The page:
How Talking With Communities About Energy Builds Capacity

Dr Jonathan Nixon

Senior Lecturer, Coventry University

Published 6/3/2020

Jonathan at the D4D workshop, Nepal

Solar energy systems providing electricity to refugee communities have frequently not been successfully implemented. We expected challenges would be encountered, including a lack of local understanding on solar systems and skills required for maintenance. But we also found there is a dearth of technical information on how energy from these systems is used in camp settings and the consequences this has on system performance and efficiency.

As part of the HEED project, we are looking at how refugees use energy at two off-grid solar-battery systems: the first system is a micro-grid providing electricity to two nurseries and a playground; the second is standalone solar system powering a community hall. Our aim was an energy system that was co-designed with the community. We spoke with the communities to see what facilities would benefit from power and carefully listened when they told us what they wanted to use the systems for and the type of activities they envisaged would take place because of an energy intervention. Based on this information, we sized and installed these systems to cover their immediate needs and allow for potential growth in activities over time. As an energy system designer, one of the difficulties working in the displaced context is refugees don’t have many electronic devices that are common in most other households and settings so talking with them helped me make appropriate decisions about the capacity and sustainability of the micro-grid.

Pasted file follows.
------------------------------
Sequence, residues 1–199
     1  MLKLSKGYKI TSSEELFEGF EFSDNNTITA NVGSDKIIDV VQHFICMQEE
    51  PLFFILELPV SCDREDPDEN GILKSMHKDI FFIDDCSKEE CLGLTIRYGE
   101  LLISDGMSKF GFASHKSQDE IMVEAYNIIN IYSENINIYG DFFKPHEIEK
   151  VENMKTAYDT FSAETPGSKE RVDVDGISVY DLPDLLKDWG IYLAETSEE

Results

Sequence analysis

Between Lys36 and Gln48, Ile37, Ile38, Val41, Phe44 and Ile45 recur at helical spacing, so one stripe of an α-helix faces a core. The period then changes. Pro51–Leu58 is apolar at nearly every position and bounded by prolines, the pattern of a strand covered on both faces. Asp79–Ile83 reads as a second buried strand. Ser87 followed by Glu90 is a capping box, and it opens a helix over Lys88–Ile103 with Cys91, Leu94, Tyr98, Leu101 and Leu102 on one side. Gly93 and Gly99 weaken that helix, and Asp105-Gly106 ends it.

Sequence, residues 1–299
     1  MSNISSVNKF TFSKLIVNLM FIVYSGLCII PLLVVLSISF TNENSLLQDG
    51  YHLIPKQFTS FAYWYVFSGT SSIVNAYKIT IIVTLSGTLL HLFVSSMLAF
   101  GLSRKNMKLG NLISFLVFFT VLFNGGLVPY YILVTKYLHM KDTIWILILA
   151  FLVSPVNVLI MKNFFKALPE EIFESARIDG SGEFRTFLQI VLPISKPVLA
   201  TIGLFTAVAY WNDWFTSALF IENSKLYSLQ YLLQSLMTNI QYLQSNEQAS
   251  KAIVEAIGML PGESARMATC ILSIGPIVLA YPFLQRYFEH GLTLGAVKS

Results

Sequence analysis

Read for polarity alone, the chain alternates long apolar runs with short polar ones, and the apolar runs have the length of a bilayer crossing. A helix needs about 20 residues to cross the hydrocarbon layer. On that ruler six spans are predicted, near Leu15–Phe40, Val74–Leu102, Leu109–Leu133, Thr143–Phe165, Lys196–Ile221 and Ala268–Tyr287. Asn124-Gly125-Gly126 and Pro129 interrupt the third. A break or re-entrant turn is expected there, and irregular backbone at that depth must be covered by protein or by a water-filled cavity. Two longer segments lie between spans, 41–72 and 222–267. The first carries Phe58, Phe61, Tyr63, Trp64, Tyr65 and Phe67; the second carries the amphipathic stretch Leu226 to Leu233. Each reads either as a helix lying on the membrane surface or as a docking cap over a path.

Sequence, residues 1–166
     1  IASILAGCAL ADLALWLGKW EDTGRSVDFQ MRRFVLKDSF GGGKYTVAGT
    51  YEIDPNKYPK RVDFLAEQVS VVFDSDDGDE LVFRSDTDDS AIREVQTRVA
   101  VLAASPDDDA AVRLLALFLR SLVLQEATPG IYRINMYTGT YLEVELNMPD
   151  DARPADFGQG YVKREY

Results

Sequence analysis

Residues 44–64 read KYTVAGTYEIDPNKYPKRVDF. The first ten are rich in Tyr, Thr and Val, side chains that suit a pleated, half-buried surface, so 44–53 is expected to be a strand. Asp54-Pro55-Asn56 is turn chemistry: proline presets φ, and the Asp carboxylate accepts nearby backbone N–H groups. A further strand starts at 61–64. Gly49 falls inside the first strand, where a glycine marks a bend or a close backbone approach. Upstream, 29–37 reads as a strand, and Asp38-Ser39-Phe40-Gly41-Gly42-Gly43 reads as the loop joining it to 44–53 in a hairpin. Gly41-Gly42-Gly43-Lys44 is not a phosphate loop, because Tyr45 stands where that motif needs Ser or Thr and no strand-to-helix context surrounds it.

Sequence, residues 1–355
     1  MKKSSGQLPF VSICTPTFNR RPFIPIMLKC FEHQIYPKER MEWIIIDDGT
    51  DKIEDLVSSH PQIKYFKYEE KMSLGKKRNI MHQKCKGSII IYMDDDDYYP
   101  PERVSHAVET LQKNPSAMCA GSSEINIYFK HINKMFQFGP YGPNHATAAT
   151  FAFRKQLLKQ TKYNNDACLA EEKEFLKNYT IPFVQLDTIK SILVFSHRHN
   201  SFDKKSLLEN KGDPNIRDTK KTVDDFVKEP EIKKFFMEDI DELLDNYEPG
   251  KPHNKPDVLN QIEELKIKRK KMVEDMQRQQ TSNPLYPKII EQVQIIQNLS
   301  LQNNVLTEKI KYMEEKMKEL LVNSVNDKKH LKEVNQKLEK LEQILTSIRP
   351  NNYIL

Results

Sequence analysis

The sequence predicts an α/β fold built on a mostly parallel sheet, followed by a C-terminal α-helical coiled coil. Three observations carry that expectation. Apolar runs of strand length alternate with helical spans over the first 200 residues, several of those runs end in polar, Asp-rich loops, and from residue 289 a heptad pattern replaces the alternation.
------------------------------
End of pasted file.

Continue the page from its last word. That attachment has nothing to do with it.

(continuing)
In working with the community, our research has explored ways to encourage engagement and knowledge of energy systems. One successful implementation was the use of community mobilisers, who worked with us to learn about the systems and disseminate this to others. Having someone based at the camp meant that they also reported issues and gave us an opportunity to hear the community’s voice and gather feedback.

Over the project’s lifetime, we have seen how communities become agents of change in responding to improved energy resources. For example, at the community hall, there has been significant growth in the use of the space and energy for education, meetings and other events such as weddings. The community have also found funds for a projector and plan to set up film screenings. At the other site powering the nurseries and playground, the use of energy has remained relatively constant. Our next stage is now exploring the reasons and mechanisms for the differences observed at these installations. We are also investigating the impact the energy usage, and demand patterns have had on system performance. There is still a large amount of extra energy available from our systems, so we are trying several initiatives to promote ownership and self-governance to increase energy utilisation. The aspiration is that this will have a positive impact on both the lives of the refugee communities and the longevity of the installed systems.